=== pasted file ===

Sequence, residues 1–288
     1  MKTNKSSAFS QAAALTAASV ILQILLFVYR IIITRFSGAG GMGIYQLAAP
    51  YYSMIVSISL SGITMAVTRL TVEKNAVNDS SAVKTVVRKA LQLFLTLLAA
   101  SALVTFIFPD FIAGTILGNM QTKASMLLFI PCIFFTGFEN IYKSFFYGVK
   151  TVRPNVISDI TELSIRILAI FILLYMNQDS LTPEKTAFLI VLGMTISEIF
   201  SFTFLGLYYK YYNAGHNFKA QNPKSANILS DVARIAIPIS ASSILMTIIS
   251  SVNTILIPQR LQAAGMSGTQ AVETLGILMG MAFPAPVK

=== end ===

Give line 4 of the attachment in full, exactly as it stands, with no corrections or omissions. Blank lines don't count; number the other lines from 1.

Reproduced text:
   101  SALVTFIFPD FIAGTILGNM QTKASMLLFI PCIFFTGFEN IYKSFFYGVK